• Making bad law is the kind of loss that keeps on losing and is exponentially worse for liability insurers than losing a gigantic verdict. Gray v. Zurich Insurance Co. (1966) 65 Cal.2d 263 shook the liability insurance industry when it invalidated the then widely held belief that the two primary promises of a liability policy were triggered by the same legal standard. Gray held that the duty to defend is broader than the duty to indemnify and is triggered whenever a claim is asserted that is “potentially” covered for indemnity. Gray also launched the notion of issuing a reservation of rights and held that a conflict of interest created by an insurer’s denial of coverage does not excuse the insurer of its duty to defend. “[W]e find no merit that our ruling will require defense of an action in which the interests of insurer and insured are so opposed as to nullify the insurer’s fulfillment of its duty of defense. . . . [I]f the insurer adequately reserves its right to assert the noncoverage defense later, it will not be bound by the judgment. If the injured party prevails, the insurer can raise the noncoverage defense previously reserved.” (Id. at 278-79 (ellipses omitted).) The holding of Gray has been adopted uniformly across the nation and has required liability insurers to pay for the defense of claims that previously would not have been defended, costing perhaps billions of dollars. But Gray left unanswered the question of by whom a policyholder’s defense should be conducted when an insurer reserved its rights. Thus, Gray established bad law for the insurance industry.

Eighteen years later, the liability insurance industry was again rocked in San Diego Navy Fed. Credit Union v. Cumis Ins. Society, Inc. (1984) 162 Cal.App.3d 358 which issued a two part holding that (1) “the Canons of Ethics impose upon lawyers hired by the insurer an obligation to explain to the insured and the insurer the full implications of joint representation in situations where the insurer has reserved its rights to deny coverage. If the insured does not give an informed consent to continued representation, counsel must cease to represent both. (And 2), in the absence of such consent, the insurer must pay the reasonable cost for hiring independent counsel by the insured. The insurer may not compel the insured to surrender control of the litigation.” (Id. at 375 (citations and ellipses omitted).) The holding of Cumis is slowly taking hold in much of the nation. (See, 50 State Survey: Do Conflicts of Interest Arising from a Liability Insurer’s Reservation of Rights Require Payment of Independent Counsel?) Again, the Cumis rule established bad law that may cost the liability insurance industry billions of dollars. While Cumis is widely considered to be a “landmark” case, a close reading reveals that it actually makes no new law: the opinion simply surveys preexisting law which is dispensed in a Reader’s Digest form that is easily understood by all who read it, thus gaining notoriety. But Cumis left unanswered the question of what caliber of conflicts of interest disqualify dependent counsel from ethically representing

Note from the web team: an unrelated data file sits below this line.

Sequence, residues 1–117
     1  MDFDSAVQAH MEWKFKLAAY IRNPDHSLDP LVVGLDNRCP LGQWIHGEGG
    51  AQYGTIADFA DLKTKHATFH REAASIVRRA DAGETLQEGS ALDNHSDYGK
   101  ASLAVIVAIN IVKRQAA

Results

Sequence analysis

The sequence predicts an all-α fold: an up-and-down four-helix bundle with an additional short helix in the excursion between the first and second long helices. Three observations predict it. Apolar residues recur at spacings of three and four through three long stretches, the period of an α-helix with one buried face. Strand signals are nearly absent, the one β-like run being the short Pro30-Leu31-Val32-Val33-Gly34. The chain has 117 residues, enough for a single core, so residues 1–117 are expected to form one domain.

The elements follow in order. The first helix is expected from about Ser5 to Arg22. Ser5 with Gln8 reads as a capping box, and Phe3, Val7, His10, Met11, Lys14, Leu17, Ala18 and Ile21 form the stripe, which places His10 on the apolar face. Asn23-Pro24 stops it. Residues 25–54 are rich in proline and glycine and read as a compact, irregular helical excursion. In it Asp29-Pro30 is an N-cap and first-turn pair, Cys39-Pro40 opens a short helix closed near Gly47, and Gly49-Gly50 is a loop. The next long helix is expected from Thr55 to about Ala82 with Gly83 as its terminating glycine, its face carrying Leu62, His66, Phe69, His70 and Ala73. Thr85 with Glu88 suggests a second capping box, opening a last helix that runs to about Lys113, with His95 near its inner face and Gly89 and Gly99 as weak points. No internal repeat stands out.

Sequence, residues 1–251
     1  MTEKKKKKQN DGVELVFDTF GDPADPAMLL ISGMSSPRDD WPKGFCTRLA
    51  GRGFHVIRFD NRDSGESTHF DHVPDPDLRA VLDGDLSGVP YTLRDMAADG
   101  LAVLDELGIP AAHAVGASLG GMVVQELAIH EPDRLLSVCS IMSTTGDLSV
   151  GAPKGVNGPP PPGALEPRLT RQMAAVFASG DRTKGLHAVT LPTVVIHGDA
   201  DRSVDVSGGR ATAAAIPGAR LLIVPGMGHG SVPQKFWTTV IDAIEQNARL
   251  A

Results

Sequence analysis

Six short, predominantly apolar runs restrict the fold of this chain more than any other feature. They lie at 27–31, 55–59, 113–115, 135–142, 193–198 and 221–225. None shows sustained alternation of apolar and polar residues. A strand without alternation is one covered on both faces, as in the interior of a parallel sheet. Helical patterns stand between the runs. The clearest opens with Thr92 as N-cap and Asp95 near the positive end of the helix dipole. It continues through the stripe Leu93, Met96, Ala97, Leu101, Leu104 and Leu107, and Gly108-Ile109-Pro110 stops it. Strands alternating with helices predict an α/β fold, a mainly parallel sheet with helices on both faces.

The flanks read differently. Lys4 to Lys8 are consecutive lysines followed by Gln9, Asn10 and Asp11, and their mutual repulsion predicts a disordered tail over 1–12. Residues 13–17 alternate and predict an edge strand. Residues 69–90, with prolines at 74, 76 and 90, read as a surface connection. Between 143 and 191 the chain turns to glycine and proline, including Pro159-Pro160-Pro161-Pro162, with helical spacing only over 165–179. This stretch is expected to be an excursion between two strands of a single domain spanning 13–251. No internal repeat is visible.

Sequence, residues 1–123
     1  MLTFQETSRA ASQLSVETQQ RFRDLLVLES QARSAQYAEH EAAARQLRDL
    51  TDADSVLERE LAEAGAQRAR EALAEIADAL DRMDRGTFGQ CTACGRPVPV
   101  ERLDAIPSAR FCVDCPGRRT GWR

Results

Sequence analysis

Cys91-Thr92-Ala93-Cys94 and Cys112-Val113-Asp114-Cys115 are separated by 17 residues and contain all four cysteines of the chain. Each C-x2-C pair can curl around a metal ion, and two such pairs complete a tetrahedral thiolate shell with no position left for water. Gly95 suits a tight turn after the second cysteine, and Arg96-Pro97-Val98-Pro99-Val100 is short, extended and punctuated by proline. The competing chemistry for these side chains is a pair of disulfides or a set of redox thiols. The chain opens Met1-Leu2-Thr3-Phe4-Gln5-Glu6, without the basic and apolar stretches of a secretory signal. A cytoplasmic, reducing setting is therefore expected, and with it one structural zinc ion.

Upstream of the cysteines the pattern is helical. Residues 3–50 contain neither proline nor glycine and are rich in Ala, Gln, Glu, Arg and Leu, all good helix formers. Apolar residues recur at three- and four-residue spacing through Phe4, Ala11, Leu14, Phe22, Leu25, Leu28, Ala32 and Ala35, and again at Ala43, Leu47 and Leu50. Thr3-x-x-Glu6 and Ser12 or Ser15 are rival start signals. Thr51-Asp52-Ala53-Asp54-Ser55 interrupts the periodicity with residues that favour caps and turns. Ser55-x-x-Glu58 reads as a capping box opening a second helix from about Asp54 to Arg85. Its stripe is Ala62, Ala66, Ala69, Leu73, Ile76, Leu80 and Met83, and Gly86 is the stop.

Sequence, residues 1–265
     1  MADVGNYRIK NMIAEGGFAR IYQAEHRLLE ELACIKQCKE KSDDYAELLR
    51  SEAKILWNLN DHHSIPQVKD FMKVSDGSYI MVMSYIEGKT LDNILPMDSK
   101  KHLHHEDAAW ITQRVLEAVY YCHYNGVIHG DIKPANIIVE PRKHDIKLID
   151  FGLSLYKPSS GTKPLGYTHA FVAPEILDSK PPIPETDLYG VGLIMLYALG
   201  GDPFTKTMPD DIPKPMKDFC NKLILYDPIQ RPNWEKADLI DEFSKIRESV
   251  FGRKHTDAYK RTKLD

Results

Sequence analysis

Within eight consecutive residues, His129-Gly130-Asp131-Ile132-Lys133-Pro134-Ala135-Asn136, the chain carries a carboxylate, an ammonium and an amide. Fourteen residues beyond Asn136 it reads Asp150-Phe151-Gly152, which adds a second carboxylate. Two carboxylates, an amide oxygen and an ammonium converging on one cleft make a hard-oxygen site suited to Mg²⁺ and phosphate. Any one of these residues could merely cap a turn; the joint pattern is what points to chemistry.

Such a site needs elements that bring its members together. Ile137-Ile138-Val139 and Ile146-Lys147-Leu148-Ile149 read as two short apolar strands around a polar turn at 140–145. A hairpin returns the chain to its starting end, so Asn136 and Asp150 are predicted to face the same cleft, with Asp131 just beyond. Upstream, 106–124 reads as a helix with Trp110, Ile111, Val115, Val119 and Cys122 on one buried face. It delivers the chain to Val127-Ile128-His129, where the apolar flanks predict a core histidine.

In the thirty-three years since Cumis was published, California courts have answered the question left unexplored in the Cumis opinion: What is the applicable legal standard by which dependent counsel are disqualified from ethically representing a policyholder by conflicts of interest created by a liability insurer’s reservation of rights? A dozen of so reported California opinions over the past three decades have consistently answered this question: “[W]hen the reservation of rights is based on coverage disputes that have nothing to do with the issues being litigated in the underlying action there is no conflict of interest, and no duty to appoint independent counsel.” (Long v. Century Indemnity Co. (2008) 163 Cal.App.4th 1460, 1470 (citation omitted); see, Cumis Attorney Disqualification Test – When Does the Right to Independent Counsel Vest? at DutytoDefend.com.) However, there is no Reader’s Digest version of this well established Cumis attorney disqualification test and therefore little popular recognition of the test. Liability insurer fear making bad law that might give this test notoriety. Accordingly, litigated cases that threaten to give this test notoriety tend to get settled quickly for substantial sums.